Bangladesh is one of the most densely populated nations in the world. Nearly half of its residents work on or live around farms, and rice crops are critical to feeding that population.
Cultivating rice crops requires a significant amount of water and fuel. Especially during the country’s dry season from January to June, farmers typically pump groundwater from aquifers, which is a costly process. Also, it usually requires burning fuels that release carbon dioxide into the atmosphere.
To address these challenges, researchers from the University of Washington and Bangladesh’s Ministry of Agriculture joined forces to develop a system that uses data from NASA and its partners to help the country’s rice farmers.
Called Integrated Rice Advisory System (IRAS), the system analyzes satellite data to deliver information to the farmers about how much water they are using, how much they have, and how much their crops need. The IRAS (Integrated Rice Advisory System) program is funded by Bangladesh’s Department of Agricultural Extension.
“To create sustainable and climate-resilient agriculture for the future, we need to minimize irrigation waste and de-carbonize the production by using affordable solutions that can be scaled globally,” said Faisal Hossain, professor of civil and environmental engineering at the University of Washington and leader of IRAS.
The IRAS team estimates that the program has the potential to reduce agricultural water waste in Bangladesh by about 30%, reduce agricultural fuel consumption by 45%, save $115 million annually in fuel subsidies, and reduce carbon emissions by 300,000 tons per year.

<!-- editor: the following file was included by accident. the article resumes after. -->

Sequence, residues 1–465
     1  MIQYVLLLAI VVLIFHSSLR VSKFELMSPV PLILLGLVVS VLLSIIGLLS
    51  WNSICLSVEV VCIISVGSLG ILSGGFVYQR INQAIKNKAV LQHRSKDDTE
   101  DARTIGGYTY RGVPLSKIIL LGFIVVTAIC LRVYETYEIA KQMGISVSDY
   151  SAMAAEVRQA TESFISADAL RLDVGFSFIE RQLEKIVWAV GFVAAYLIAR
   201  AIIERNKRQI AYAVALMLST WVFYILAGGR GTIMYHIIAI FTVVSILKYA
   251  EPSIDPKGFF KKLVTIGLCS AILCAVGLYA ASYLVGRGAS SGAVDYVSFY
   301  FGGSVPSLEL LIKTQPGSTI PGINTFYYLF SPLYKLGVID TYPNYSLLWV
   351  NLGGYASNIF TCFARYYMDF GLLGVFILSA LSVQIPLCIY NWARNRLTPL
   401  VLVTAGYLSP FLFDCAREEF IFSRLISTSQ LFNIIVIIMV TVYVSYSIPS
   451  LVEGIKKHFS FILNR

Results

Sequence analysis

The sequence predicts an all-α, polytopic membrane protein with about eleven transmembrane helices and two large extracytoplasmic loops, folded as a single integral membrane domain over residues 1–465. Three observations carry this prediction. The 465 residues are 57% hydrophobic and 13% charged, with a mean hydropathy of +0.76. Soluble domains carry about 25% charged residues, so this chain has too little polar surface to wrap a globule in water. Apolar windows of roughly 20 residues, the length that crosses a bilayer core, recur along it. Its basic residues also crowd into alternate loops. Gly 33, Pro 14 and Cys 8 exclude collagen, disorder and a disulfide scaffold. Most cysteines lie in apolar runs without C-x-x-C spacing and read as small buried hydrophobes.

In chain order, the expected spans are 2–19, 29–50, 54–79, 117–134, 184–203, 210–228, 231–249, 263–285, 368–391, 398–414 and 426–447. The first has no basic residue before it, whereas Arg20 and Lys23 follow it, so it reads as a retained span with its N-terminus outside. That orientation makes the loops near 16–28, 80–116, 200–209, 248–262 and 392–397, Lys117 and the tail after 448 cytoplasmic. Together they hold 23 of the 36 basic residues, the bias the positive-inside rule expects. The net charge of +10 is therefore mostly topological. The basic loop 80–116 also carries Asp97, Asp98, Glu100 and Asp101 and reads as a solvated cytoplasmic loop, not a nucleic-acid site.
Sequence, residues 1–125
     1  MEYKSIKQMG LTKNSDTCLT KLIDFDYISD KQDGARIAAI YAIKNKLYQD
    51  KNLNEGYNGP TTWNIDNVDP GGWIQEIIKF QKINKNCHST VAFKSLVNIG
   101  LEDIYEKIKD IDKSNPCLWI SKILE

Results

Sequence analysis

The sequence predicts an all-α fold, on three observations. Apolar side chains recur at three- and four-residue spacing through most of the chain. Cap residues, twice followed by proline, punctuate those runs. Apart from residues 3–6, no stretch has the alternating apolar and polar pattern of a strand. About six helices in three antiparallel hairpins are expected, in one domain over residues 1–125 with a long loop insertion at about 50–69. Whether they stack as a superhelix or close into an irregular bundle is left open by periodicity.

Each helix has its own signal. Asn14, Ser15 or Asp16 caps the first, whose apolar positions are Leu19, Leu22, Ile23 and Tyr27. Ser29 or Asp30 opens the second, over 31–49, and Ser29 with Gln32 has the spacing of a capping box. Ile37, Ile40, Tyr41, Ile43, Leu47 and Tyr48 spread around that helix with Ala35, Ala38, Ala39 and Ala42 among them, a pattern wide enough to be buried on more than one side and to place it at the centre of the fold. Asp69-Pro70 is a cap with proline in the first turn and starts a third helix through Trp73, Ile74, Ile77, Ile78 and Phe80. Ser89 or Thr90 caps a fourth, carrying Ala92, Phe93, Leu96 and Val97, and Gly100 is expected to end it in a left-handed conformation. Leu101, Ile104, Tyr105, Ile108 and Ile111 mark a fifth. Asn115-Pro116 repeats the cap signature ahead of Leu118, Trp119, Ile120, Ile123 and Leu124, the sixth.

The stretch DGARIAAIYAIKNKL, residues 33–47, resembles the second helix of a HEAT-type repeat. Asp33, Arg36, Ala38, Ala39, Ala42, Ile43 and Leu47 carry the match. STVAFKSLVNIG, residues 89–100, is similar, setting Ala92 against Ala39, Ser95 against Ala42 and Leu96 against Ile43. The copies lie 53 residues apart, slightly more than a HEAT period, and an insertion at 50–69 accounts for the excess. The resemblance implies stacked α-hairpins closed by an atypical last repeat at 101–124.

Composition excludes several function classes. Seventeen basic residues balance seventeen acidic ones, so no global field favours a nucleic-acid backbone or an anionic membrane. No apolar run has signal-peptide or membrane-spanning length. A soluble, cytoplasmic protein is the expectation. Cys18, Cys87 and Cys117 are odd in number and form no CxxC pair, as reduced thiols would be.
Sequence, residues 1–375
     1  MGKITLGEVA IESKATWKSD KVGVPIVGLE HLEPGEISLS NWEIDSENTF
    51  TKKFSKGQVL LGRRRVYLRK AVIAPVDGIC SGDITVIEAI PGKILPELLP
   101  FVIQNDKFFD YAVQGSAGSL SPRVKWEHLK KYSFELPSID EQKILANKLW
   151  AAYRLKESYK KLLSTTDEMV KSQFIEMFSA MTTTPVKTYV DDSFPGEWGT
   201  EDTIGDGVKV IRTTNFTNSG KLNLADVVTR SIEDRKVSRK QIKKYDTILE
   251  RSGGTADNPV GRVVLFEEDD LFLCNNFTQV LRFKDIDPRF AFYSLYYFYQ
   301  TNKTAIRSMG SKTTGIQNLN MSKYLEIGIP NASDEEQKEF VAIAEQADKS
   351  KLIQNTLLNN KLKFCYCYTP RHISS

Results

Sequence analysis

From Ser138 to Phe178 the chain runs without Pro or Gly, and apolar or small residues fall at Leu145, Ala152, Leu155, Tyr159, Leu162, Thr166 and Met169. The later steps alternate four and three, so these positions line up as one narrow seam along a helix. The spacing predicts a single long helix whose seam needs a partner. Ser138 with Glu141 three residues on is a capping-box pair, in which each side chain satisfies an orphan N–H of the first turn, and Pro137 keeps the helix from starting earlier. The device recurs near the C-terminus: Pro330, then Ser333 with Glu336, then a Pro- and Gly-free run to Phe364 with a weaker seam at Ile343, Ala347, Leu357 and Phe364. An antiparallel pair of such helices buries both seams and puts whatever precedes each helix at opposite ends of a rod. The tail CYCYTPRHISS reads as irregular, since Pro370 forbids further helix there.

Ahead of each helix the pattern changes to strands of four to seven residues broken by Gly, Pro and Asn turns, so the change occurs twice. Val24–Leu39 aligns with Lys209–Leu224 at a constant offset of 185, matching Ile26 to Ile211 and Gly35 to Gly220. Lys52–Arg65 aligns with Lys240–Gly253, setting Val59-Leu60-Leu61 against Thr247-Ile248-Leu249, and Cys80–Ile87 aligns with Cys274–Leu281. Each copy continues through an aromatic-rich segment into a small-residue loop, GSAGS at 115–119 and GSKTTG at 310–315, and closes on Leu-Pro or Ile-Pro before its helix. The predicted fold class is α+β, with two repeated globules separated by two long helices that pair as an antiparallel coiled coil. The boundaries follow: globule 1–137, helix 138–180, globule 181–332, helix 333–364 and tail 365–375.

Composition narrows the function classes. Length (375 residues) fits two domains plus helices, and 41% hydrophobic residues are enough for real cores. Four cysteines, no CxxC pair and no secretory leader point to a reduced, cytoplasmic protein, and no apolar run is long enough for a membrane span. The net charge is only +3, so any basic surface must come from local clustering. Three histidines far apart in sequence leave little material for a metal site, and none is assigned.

IRAS works by combining specific satellite data on water use, precipitation, and weather forecasts with crop water demand characteristics to craft irrigation advisories for users around Bangladesh. Based on that data, the advisories inform farmers how much water they need for their crops. They can also report whether people in a region have over- or under-irrigated their fields in the past.
The data for the advisories come from the NASA/USGS Landsat mission, GPM (Global Precipitation Measurement), a joint mission of NASA and the Japan Aerospace Exploration Agency, and GFS (Global Forecast System) produced by the U.S. National Weather Service. GFS provides weekly advisories on irrigation needs to more than 10 million farmers across Bangladesh.
“The synergistic use of Landsat, GPM, and GFS can help the world become more water-efficient and energy-efficient in growing food while also becoming more affordable and convenient for farmers,” Hossain said.
Hossain and the team aim to expand the reach of IRAS in the coming years as well as to use it for other water-intensive crops, such as sugar cane. “Our hope is that this template can be applied to any region where we know what crop is being grown and what their crop water demand characteristics are,” Hossain said in a statement.